Date of Award

June 2018

Degree Name

Master of Science (MS)

Department

Psychology

Advisor(s)

Aesoon Park

Keywords

alcohol, cannabis, college, consequences, daily diary, sleep aid

Subject Categories

Social and Behavioral Sciences

Abstract

Emerging evidence suggests that one in five college students use substances such as alcohol and/or cannabis to help sleep. Despite this high prevalence of sleep aid use, there remains a dearth of research on its potential proximal sleep- and substance-related consequences day-to-day. The current study remedied this literature gap by examining how alcohol and cannabis sleep aid use impacted subsequent sleep and substance use consequences among college substance users. Out of the baseline sample of 217 students, 83 past-month alcohol and/or cannabis sleep aid users (mean age = 19.33 [SD = 1.11], 30% male, 72% White) completed online questionnaires for 14 consecutive days to assess sleep aid use, sleep, substance use, and negative substance consequences. After controlling for daily cannabis use frequency, cannabis sleep aid use was associated with longer sleep duration and more negative cannabis consequences on average across 14 days, as well as longer same-night sleep duration, reduced same-night wake-time after sleep onset, and higher next-day daytime fatigue compared to individual averages. After controlling for daily alcohol quantity, alcohol sleep aid use was not associated with sleep-related outcomes or negative drinking consequences compared to either sample or individual averages; null findings may be due to a low frequency of alcohol sleep aid use over 14 days (1%). Results highlight daytime fatigue and negative cannabis consequences as potential adverse short-term outcomes of cannabis sleep aid use among college students, despite its proximal sleep-related benefits. This novel daily-level investigation contributes substantially to our limited understanding of college sleep aid use and associated proximal consequences.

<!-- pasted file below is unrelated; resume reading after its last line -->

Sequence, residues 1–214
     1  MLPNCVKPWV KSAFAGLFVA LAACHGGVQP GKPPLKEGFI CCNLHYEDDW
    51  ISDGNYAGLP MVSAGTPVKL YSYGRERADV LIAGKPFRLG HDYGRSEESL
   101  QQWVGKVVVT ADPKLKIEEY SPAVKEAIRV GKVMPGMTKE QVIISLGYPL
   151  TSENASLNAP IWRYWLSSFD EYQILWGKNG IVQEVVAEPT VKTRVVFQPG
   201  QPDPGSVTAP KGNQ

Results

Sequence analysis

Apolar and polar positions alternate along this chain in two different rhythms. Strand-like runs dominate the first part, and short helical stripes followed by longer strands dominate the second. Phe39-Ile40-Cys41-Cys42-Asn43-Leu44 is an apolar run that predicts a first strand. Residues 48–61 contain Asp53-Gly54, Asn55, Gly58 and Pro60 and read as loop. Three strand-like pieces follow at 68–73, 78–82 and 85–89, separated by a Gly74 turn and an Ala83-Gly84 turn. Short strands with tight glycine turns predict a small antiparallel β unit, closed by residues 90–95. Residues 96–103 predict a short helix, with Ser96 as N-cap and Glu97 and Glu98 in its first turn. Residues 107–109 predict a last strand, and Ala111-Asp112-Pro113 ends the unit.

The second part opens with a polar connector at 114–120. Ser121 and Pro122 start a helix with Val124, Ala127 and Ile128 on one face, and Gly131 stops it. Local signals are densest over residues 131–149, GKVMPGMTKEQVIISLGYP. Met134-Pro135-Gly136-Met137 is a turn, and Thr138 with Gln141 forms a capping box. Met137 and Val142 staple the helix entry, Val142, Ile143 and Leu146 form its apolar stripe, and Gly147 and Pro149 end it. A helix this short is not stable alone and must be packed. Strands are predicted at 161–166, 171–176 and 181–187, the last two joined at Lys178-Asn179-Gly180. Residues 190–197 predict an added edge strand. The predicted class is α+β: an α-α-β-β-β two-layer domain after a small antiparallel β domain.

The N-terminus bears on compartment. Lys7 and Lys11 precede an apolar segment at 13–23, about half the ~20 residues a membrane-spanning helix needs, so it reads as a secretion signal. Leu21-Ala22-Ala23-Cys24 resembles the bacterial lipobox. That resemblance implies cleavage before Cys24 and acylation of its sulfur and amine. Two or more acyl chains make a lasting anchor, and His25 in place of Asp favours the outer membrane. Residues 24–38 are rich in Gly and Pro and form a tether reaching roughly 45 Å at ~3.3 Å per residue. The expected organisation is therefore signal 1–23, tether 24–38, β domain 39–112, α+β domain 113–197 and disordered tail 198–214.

Access

Open Access

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